A view need not actually contain any Ruby code at all — it may be the case that one of your views is a simple HTML file; however, it’s more likely that your views will contain a combination of HTML and Ruby code, making the page more dynamic. The Ruby code is embedded in HTML using embedded Ruby syntax.

Styling in ROR

There are 3 basic categories of styling that we can use to manipulate the html in our apps and make it more presentable. These categories include inline, internal and external styling.

It is advised that we never use this first 2 forms of styling when coding.

<h1 style=”color:blue”>Hello Rubyers!</h1><style type=”text/css”> 
h1{color: blue;}

[3]. External Styling

The third category of styling would fall under external styling which is when a separate css file is created and all of the styling syntax is placed in that separate file.

When creating a rails application we are welcomed by a not so blank canvas that will be used for code. In the sea of different files created we can follow the path app/assets/stylesheets and create a new file style.css under the stylesheets folder. This file can be called anything but make sure you end it with the .css extension.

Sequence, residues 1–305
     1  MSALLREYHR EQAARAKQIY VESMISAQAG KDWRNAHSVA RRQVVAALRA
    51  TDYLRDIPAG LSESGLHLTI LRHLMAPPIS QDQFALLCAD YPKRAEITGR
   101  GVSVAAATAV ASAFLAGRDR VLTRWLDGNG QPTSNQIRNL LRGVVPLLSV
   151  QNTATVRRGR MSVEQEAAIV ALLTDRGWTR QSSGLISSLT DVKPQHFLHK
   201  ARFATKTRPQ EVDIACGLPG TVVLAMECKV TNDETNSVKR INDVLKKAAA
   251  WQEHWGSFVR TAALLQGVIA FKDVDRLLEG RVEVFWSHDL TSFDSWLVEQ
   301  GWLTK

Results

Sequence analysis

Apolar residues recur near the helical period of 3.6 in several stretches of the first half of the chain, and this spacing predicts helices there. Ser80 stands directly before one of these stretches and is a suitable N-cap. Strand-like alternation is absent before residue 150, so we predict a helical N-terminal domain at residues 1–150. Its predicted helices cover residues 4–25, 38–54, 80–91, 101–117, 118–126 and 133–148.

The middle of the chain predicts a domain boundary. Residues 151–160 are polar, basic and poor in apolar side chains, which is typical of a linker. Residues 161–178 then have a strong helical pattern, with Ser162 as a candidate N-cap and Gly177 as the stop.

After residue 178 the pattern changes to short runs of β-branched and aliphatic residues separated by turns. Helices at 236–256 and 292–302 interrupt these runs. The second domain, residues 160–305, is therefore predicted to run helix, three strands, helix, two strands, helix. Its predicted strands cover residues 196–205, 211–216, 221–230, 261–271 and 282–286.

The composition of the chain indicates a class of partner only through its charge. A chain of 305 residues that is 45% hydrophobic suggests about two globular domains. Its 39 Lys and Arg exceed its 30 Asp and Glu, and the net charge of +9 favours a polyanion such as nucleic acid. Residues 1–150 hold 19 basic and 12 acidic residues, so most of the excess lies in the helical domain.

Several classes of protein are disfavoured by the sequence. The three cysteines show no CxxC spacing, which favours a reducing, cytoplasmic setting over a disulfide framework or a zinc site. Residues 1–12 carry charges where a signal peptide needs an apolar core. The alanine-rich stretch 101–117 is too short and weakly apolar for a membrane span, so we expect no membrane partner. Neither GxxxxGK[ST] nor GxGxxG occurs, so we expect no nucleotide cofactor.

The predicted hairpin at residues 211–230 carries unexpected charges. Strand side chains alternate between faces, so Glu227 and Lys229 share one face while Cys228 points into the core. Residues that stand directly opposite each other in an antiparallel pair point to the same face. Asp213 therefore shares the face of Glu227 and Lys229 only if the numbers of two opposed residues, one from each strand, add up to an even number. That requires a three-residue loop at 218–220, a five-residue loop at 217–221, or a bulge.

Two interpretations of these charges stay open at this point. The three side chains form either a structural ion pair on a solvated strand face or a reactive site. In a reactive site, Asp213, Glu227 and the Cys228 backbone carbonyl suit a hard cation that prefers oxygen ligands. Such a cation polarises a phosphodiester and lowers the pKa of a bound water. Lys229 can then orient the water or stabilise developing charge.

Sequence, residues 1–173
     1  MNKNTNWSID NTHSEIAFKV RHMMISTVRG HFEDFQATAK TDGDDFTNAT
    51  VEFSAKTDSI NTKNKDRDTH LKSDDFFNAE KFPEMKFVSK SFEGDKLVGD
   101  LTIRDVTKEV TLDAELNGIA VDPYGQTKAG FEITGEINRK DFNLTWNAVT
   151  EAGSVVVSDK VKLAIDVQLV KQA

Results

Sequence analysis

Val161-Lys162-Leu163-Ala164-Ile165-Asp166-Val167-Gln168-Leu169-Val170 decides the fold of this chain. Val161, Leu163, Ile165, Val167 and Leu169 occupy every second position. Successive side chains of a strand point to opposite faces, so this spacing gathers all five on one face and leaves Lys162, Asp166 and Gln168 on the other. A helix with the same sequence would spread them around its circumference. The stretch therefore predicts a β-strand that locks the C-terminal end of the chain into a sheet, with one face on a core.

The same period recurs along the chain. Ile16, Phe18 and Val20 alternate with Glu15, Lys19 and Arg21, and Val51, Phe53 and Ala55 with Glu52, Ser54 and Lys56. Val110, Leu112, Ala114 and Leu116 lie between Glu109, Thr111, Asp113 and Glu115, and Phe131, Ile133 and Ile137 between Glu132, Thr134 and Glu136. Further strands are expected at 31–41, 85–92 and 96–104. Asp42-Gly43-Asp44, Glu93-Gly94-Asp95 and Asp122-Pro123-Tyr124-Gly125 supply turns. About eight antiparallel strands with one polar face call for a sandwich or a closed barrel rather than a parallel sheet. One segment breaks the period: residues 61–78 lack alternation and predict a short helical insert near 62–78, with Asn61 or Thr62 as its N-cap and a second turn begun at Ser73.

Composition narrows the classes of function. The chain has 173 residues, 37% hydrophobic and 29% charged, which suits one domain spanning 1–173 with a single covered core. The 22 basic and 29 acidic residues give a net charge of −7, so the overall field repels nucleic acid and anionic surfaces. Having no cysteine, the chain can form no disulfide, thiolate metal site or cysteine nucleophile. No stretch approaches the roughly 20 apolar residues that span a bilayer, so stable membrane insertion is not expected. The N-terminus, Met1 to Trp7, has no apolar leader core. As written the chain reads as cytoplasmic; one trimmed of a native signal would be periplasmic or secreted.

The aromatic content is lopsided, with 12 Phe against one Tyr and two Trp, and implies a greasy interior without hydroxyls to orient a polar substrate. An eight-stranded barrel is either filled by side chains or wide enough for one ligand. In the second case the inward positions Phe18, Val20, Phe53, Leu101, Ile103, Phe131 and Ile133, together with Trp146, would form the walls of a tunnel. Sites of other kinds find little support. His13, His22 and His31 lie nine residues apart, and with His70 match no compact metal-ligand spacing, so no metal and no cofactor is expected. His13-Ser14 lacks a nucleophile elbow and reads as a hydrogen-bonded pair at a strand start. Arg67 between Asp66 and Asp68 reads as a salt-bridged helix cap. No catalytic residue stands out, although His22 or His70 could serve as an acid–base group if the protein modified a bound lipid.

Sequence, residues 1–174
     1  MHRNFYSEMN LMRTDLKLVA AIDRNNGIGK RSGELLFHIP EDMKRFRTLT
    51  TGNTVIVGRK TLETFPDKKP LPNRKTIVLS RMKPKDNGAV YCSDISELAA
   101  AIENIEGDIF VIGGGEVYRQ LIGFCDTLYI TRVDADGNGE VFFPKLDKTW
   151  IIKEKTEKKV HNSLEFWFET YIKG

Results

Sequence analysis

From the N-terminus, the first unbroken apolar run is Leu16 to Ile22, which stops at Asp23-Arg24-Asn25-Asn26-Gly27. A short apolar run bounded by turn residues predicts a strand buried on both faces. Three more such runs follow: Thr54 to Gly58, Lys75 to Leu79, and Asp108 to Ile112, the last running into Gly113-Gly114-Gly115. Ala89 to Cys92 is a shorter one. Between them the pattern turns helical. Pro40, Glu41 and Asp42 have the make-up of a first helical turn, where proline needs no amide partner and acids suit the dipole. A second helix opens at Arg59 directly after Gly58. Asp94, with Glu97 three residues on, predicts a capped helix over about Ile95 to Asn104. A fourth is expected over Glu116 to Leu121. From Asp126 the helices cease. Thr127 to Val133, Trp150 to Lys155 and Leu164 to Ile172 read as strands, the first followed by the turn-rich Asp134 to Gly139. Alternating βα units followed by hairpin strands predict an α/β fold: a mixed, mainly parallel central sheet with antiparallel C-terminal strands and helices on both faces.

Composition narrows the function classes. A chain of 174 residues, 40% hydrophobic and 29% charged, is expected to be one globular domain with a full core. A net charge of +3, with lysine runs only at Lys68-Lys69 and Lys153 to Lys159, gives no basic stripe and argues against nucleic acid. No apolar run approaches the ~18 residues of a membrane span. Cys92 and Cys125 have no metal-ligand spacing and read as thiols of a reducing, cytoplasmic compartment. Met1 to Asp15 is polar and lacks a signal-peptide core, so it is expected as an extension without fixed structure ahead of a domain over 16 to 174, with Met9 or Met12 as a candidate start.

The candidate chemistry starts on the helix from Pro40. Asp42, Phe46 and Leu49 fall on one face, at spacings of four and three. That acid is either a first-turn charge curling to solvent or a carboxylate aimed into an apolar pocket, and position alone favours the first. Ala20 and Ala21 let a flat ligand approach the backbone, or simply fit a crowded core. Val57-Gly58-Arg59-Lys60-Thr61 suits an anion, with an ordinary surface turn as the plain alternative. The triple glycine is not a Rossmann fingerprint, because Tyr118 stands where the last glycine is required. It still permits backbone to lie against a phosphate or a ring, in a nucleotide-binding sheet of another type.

Now that we have a .css file we can move to app/views/layouts and open the application.html.erb file and enter a stylesheet link tag that will connect the applications html file with the stylesheet. The string should be the name of your stylesheet.

<%= stylesheet_link_tag 'style.css' %>

With this done we are ready to begin to style and make simple plain text pages into something completely different. Remember when adding your styling logic always add a semicolon<declaration separator> at the end of each declaration.